Sunday, June 24, 2007

Fun with the new Crunchy

Since the new Crunchy can work with files that have no Crunchy-specific additional markup, some neat experiments are possible, in addition to playing with the official Python tutorial with a Python interpreter embedded on the web page that I mentioned in my last post. For the curious among you, here's something else to try.

Assuming you have the latest (version 0.2) alpha release of the new Crunchy, edit the file, replacing "interpreter" by "editor" at lines 108 and 109. Then, launch Crunchy and click on the "tests" link. On the following page, click on the "Loading arbitrary tutorials" link. Then, in the box for loading remote tutorials, enter the address of the Python cookbook (
The formatting will be off, but you can select your favorite recipe. When you do this, you can edit the code and execute it right on the page. Often, all you need to do is to replace __name__ == "__main__" by True and you are ready to try the examples, modifying them at will.

In the near future, Crunchy will provide an easy way to select which interactive element (Python interpreter or editor) is to be inserted by default, without having to edit the code by hand.

From vlam to nam: Using Crunchy to interact with the official Python tutorial

Breaking news: you can now use Crunchy to browse and interact with the official Python tutorial. More below...

Since my last post that described briefly some features of the new Crunchy engine, I have not had much time to work on Crunchy. Johannes too has been fairly busy so that Crunchy development pretty much stopped, until the beginning of Google Summer of Code. Two students joined the Crunchy team: Edin Salković and Bryan Psimas. Unfortunately, due to other commitments, Edin was not able to continue with his SoC project - but he did manage to write the prototype of a new plugin for Crunchy that I will describe below.

The new Crunchy engine now works extremely well. As I wrote in my previous post, Crunchy is now more responsive; it supports simultaneous execution of multiple code sample, proper input (stdin) handling from the webpage browser and the api (for writing tutorials) has been significantly simplified as there is no longer be any need to have an embedded "canvas" call in a tutorial: the user is now able to load a graphics dynamically anywhere on a page. These graphics can even include simple animations using pure Python code (for the end user - javascript behind the scene for us, unfortunately).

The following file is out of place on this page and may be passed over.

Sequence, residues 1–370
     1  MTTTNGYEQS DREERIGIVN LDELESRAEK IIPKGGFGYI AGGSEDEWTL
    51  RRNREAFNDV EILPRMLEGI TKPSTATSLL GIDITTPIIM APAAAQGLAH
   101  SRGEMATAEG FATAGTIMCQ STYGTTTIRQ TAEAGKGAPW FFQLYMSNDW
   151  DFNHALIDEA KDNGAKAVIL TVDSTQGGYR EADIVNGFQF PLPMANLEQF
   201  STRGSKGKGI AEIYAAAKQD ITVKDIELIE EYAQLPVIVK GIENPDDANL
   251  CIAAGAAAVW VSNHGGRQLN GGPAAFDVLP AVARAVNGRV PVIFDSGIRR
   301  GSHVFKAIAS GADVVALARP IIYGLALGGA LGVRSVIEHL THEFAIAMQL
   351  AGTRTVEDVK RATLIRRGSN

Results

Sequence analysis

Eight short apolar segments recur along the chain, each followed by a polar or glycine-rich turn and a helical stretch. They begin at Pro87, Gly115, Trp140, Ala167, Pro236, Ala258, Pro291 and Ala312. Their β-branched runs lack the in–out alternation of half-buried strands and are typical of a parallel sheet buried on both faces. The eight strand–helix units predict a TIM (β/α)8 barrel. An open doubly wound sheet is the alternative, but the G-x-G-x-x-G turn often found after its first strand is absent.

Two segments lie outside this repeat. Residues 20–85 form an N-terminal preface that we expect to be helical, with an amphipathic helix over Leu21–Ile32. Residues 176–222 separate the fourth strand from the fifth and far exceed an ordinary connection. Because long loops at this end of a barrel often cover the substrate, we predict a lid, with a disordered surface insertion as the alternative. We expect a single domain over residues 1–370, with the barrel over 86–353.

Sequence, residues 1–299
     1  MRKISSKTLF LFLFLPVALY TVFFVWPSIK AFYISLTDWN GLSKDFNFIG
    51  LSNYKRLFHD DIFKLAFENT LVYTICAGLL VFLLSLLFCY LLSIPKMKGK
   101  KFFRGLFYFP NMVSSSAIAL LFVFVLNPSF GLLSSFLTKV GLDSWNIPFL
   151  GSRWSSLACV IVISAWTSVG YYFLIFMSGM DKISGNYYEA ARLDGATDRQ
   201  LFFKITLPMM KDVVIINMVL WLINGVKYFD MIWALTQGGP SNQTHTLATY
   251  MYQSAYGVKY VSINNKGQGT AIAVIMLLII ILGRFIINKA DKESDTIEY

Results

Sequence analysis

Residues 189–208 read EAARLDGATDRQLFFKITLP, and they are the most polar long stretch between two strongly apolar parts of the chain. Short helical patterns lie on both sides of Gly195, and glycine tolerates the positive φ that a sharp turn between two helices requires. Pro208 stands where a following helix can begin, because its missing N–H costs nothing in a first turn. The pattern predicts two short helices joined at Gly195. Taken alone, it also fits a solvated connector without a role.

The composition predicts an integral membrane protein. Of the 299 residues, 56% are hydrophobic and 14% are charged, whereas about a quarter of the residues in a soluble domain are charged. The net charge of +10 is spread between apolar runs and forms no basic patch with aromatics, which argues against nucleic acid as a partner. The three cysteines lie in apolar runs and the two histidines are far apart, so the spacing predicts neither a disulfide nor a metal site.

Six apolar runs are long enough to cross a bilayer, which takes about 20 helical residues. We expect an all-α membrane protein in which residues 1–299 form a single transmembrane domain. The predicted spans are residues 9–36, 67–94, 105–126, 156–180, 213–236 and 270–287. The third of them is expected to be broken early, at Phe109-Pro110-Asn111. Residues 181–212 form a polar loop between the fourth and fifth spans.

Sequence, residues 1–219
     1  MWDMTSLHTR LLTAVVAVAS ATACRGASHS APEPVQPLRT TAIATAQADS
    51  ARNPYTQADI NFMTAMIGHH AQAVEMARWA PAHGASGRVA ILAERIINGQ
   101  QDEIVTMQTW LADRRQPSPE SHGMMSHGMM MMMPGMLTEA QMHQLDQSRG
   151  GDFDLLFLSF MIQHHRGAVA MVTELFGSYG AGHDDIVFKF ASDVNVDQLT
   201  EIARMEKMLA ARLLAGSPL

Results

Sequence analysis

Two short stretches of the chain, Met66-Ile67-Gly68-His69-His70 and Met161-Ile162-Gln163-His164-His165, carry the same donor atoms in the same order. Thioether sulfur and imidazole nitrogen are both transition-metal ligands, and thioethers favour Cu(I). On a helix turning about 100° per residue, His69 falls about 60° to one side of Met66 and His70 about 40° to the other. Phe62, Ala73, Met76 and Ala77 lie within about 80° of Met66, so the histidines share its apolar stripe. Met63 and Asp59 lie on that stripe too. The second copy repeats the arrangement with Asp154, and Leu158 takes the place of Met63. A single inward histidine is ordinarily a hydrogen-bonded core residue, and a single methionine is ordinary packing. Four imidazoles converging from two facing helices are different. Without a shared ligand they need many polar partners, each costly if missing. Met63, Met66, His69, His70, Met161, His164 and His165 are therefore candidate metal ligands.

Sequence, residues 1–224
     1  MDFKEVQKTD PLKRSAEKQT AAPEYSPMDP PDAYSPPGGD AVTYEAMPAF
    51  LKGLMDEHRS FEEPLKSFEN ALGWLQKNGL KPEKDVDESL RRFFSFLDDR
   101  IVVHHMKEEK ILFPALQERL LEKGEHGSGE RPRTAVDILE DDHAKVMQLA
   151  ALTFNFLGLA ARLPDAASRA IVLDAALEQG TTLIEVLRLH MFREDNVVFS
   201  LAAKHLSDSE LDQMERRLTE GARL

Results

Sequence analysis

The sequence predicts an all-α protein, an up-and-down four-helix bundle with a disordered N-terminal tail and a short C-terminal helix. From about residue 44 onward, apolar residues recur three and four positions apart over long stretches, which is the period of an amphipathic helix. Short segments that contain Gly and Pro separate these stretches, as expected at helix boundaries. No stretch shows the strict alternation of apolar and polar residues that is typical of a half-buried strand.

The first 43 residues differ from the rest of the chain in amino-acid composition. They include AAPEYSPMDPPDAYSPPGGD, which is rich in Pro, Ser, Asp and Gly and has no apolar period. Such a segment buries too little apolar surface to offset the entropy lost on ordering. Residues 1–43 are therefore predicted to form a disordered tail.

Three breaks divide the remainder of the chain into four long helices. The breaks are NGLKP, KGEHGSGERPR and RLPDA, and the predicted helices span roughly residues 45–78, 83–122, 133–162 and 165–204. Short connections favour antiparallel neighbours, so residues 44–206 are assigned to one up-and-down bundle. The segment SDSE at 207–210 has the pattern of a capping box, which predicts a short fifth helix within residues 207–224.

There is more. For example:
  • it is now possible to style <code> elements;
  • Python code sample (either inside <pre> or <code>) that contain pre-existing html markup can now be handled by Crunchy without generating an error (blank page!) as before;
  • it is now possible to specify a starting number different from 1 when requesting that line numbers be added to a code sample;
  • when it styles the code, Crunchy now automatically detects if a given code sample represents an interpreter session or a "normal" code sample;
  • it is now possible to use input() and raw_input() with an interpreter, and the result appears inside the page displayed by the browser.
In addition, thanks to Edin's work, a new type of interaction with Python code has been added: it is possible to save the result of a computation in a graphics file and display the result in the browser. This has been used successfully with matplotlib. There is a "small" bug in that the Python code needs to be executed twice due to synchronization issues with the browser loading the file and Python saving it.

Quite a few features from the "old Crunchy" need to be implemented (e.g. menus including a way to properly quit the application, translations, update:the ability to load an arbitrary tutorials given a URL, etc.) in the new version but, overall, it is working very well.

One of the "problems" with the old Crunchy is that it did require two things from a tutorial writer:
  1. That the html code written be W3C compliant (with no warning, no unclosed tags, etc.).
  2. That Crunchy specific markup (vlam = very little additional markup) be added to instruct Crunchy to add interactive elements.
Unfortunately, the official Python tutorial fails on both accounts. However, with the use of a version of BeautifulSoup adapted by effbot (thanks!) to be used with ElementTree, the new Crunchy can now deal with non W3C compliant code.

And ... Crunchy has now been written so that it automatically inserts a Python interpreter whenever it sees a bare <pre> (i.e. with nam = no additional markup). As a result, one can now browse the official Python tutorial with Crunchy and interact with it.

This automatic insertion of an interpreter sometimes yields too many interpreter inserted on a page than really needed; it is better to hand craft a tutorial. However, it should make Crunchy a lot more useful to many more people.

For those interested in trying out the "new Crunchy", an alpha release is available. If you have never used Crunchy before, you should try version 0.8.2 first and go through the tutorial from the menu.